How to Develop Risk Taking Skills

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Vic on Gypsy Motorcycle

ADVENTUROUS THINKING IS A CHOICE

We have opportunities to take risks every day, to explore something or someone new, and to expand our concept of our current reality. As an entrepreneur for 20+ years, living in the gray zone of curious expectation is my norm. On average, I usually have clients booked only two weeks out.  My income fluctuates and depends on word of mouth.  Even so, I trust that I will have exactly what I need.

By continuing to provide relevant and transformative services, I know from experience that the Universe will take care of me. Of course I also have an extensive savings system set up to ensure that I will be able to cover my bills. This combination of cultivating my gifts, continually reaching new audiences and trusting that the right clients will find me has allowed me to do what I love, confident that the money will follow.


Living in the gray area, or that place of not knowing, has a certain freedom, excitement and wonderment to it – if you can fight your resistance and fear.


OVERCOMING FEAR
What is fear really about? Fear is that place of not knowing what’s going to happen. Fear is that feeling that you are out of control. Fear is a concern that an outside force will somehow impact your reality.
In fact all of those things are true: we do not know what’s going to happen, we are not in control and outside forces can and will impact our reality on a regular basis. We are simply under the illusion that the secure job, insurance policy, dependable spouse or days spent at the gym will promise us health, wealth and security.
We can consciously cultivate flexibility in our bodies and minds.  This expansive nature will allow our bodies and minds to be responsive to the winds of change. Every day, we can cultivate our fluid consciousness by taking physical and mental steps towards receptivity and celebratory joy.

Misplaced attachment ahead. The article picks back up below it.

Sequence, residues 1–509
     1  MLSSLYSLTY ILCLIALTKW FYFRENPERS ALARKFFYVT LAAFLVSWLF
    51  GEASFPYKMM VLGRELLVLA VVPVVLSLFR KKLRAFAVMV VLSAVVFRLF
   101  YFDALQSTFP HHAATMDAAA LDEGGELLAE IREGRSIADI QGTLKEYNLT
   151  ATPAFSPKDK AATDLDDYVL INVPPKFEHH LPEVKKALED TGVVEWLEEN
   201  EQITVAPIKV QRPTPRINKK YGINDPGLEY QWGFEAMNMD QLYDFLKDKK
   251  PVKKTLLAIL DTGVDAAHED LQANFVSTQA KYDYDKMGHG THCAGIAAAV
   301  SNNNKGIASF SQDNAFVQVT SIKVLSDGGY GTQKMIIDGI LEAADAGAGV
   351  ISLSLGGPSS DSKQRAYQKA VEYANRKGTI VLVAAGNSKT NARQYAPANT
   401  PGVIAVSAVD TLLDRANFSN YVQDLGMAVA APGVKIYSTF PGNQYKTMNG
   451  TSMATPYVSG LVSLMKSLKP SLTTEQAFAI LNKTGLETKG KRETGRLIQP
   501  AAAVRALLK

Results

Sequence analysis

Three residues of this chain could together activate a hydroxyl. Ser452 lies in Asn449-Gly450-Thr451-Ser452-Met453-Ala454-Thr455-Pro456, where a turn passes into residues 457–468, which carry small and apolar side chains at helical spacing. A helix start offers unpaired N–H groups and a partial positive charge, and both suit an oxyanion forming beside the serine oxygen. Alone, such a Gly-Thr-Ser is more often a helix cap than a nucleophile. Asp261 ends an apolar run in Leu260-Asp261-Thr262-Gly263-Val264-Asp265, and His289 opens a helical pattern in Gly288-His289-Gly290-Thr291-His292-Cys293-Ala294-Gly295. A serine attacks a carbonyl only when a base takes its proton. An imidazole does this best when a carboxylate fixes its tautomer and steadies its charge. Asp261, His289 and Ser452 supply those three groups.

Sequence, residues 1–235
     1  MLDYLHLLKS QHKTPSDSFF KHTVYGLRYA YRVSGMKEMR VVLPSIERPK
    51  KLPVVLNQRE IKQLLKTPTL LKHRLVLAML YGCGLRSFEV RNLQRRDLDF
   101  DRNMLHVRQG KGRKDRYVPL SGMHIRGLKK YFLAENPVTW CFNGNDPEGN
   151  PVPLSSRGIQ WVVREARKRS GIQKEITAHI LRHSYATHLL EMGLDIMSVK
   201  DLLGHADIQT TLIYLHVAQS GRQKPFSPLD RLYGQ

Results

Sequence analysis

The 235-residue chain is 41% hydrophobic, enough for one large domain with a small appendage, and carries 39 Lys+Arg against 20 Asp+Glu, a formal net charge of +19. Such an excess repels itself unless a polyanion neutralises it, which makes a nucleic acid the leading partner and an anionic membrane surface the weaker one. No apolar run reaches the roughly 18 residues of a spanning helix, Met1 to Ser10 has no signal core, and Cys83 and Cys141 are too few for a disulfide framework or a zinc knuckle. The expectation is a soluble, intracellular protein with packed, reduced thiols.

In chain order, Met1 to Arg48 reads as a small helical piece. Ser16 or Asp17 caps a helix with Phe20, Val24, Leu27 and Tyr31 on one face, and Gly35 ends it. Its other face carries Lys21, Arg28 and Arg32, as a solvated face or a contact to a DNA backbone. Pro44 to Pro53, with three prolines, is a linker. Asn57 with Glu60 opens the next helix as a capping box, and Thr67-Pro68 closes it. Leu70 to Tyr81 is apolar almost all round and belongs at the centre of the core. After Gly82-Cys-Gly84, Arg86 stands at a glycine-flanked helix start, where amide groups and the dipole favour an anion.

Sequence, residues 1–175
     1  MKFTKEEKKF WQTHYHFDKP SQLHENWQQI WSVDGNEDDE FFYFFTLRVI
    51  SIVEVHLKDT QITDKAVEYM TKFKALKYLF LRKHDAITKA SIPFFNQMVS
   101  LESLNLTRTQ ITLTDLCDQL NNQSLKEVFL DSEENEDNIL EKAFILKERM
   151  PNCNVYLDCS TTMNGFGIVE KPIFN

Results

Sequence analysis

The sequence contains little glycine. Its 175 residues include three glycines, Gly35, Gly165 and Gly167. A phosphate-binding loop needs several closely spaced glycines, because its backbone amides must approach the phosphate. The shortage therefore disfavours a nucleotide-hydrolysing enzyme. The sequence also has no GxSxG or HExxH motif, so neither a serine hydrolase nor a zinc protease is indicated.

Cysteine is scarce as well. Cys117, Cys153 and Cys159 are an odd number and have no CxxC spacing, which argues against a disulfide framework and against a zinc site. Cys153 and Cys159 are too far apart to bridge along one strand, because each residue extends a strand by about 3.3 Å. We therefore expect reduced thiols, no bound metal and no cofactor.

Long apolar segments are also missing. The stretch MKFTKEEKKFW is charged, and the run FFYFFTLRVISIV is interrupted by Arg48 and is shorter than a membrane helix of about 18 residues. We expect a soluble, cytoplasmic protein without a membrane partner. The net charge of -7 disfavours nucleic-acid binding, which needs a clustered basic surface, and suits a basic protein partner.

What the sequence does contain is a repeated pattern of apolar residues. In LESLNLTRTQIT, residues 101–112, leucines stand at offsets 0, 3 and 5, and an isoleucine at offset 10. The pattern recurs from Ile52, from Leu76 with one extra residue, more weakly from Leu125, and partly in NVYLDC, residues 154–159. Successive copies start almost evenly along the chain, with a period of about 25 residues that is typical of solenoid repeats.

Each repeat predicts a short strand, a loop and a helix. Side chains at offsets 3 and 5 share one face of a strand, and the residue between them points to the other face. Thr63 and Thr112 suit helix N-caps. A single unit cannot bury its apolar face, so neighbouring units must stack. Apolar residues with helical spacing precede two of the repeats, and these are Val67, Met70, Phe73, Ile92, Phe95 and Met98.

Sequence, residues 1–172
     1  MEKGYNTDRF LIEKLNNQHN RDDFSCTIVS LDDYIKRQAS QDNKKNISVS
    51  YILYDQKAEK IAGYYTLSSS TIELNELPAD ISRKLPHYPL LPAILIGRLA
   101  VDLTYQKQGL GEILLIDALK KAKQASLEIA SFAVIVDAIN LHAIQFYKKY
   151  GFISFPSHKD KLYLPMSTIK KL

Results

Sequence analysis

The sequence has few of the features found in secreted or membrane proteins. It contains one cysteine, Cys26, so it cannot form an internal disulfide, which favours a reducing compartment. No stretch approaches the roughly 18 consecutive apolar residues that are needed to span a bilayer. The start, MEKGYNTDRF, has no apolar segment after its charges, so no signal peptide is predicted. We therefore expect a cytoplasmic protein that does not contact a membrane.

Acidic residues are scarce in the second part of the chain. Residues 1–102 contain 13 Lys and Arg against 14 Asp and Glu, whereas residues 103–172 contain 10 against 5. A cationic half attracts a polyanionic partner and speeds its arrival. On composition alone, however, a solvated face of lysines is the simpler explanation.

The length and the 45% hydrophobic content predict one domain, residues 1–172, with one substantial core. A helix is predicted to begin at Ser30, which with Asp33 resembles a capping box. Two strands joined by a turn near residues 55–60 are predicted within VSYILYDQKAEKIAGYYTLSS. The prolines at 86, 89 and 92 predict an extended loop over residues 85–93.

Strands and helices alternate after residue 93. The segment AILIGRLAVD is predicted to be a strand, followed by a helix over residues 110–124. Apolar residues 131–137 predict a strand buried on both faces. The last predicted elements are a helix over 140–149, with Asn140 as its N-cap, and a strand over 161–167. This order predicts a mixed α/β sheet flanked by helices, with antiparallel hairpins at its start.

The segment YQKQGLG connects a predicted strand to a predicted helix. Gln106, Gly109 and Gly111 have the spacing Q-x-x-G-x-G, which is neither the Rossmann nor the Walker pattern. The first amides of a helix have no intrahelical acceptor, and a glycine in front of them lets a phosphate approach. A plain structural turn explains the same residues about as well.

BECOMING MORE FLEXIBLE
What kind of steps can you take to expand your world? Think about the last time someone invited you to do something new or you encountered an idea that perhaps conflicted with what you already know. What was your initial reaction?
For many of us, our initial response is often a resounding NO! No to the new, no to the unknown, no to the unexpected plan, no to change. However, after some quiet time, a decent cup of coffee, and a stretching of the body and mind, we can revisit the ‘intruder’ and gradually allow it into our lives. Once we take the first step towards embracing that innovative concept, unknown friend or unexpected opportunity, we can usually wrap our minds around learning more.

In order to cultivate your experiential flexibility, consciously decide to learn something new, talk a stranger or explore an unknown food, event or podcast each day.

TOO BUSY SYNDROME
You may be saying, who has time for all that? I have to balance my job, my family, buying groceries, making dinner and running my house. I understand. I am married and have a son, I run my own business, I exercise on a daily basis and I’m currently writing a book. So how can we find time to invite novel experiences into our lives?
Consciously. Actively. Gratefully.